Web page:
A Travellerspoint blog

Day 24: Last day in South America!

semi-overcast 54 °F

In addition to battling a cold and recovering from an incredibly steep hike, LATAM Airlines threw us a “unique” turn of events last night: my flight to Santiago had been pushed back by almost 90 minutes, resulting in an impossibly tight connection for my connecting flight to Houston. So instead of calling LATAM and demanding a rebooking onto the earlier flight, my Mom just bit the bullet and bought me a ticket on the early flight since we didn’t have time to negotiate with the airline via phone. Thanks, Mom! Side note: LATAM Airlines has been problematic: as well as this annoying change in schedule, the flight attendants didn’t offer water or other drinks on every flight I have been on with them — ridiculous!

Also, I figured out that my two “mystery birds” from last post were Fire-eyed Diucon and these DARK-FACED GROUND-TYRANTS. Bummer: I had seen these species before. But the flip side is that I was able to upload some of my photos from my camera so I have photos from both yesterday & today for this post!

THORN-TAILED RAYADITO from yesterday. You can see it is appropriately named!

So today, we were back in the car headed for Punta Arenas by 9am. Luckily, we ended up padding enough time onto our travels to make some birding stops along the way! Closer to Punta Arenas, we stopped at what we now call the “Flamingo pond” as all four times we have passed this pond, it has been populated with these elegant CHILEAN FLAMINGOES. Never take a flamingo for granted!

Young Upland Goose? Or is this an Ashy-headed?


And the striking TWO-BANDED PLOVER!!

Like usual, many WILSON’S PHALAROPES were present, swirling about to disturb aquatic bugs:


Look-alike BAIRD’S SANDPIPER — distinguished from the White-rumped by completely clean underparts. Bird identification is all about the details.


A nice plethora of waterbirds, a typical view at this pond: UPLAND GEESE, COSCOROBA, CHILEAN FLAMINGOES, and sandpipers.

LESSER RHEA — a common sight on the Patagonian Steppe that never fails to disappoint.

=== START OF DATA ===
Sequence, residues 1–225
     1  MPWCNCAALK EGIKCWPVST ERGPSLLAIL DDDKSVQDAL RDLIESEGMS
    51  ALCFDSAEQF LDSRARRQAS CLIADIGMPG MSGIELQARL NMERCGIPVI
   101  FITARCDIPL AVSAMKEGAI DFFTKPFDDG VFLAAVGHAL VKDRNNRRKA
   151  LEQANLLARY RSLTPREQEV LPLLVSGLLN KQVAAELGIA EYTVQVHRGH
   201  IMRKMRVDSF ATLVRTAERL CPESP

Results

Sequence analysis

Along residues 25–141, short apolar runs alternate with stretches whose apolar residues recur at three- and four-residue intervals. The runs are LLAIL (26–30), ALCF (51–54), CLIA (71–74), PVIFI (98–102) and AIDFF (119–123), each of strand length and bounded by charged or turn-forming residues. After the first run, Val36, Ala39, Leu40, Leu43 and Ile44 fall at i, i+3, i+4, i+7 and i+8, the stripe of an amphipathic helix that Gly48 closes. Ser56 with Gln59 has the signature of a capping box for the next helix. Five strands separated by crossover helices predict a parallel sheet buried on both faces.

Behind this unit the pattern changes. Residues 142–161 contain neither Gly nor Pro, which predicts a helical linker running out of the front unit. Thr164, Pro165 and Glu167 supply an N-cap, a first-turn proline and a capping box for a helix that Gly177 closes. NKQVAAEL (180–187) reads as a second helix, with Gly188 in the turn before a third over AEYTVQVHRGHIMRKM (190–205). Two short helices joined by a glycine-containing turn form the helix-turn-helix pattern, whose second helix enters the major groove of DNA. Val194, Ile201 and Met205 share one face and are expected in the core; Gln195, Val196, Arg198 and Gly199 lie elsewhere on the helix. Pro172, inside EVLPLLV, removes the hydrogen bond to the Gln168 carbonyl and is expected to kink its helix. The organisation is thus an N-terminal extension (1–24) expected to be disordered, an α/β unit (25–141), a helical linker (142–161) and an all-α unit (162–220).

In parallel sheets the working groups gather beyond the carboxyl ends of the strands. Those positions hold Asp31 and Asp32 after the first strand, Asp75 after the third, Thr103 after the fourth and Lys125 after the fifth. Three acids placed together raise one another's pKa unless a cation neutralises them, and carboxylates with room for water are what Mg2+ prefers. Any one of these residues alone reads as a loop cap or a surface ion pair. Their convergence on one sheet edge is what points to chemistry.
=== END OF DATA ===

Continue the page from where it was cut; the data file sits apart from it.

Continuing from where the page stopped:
Before I knew it, it was time to bid farewell to my mom and my sister, and to Patagonia. As usual, my mom cried.

They will fly out tomorrow to spend a week’s time in the Lakes District of Chile, while I am currently on my Punta Arenas - Santiago - Houston - Newark journey. I was booked in seat 34C on the flight to Santiago, but upon the door’s closing, I upgraded myself to 29A: a window seat in an empty row. Not to worry, this is a common sight on this airline — a flight attendant even winked at me for doing so, hahahaha!

Bird-of-the-day to the lovely Two-banded Plover and runner-up to all those Chilean Flamingoes, whom I will surely miss back in snowy New York.
Bird-of-the-trip is a tie, I just can’t make up my mind: Sooty Albatross, Snowy Sheathbill, Andean Condor, Magellanic Woodpecker, and Torrent Duck are all up there. I am so blessed — huge thanks to my parents for this epic opportunity, to Pearl for being the sassiest, funniest sister out there, and to my birding friends who helped me so much on this trip: Aidan, Dermot, Joe, Jim, Billy, Tom, Esteban, and Jürgen.

So that is it for my travels to Antarctica and Patagonia. I am posting this from the Santiago airport! Time for a new semester at the Manhattan School of Music to begin, but you know that my crazy birding adventures never stop! I may or may not be going on a day pelagic trip out of Queens in February — I’ll keep you updated. Until next time, South America! (next time hopefully will be Colombia, Ecuador, or Peru ;)

Please note: one more post with additional photos from Torres del Paine is headed your way!

Good birding!
World Life List: 1108 Species (138 life birds on this trip)

Posted by skwclar 16:09 Archived in Chile

Email this entryFacebookStumbleUpon

Table of contents


I hope your 2nd semester continues to go as well as your first! Looking forward to following your school highlights as well as birding in NY!

by Susie

Comment with:

Comments left using a name and email address are moderated by the blog owner before showing.

Not published. Required
Leave this field empty

Characters remaining: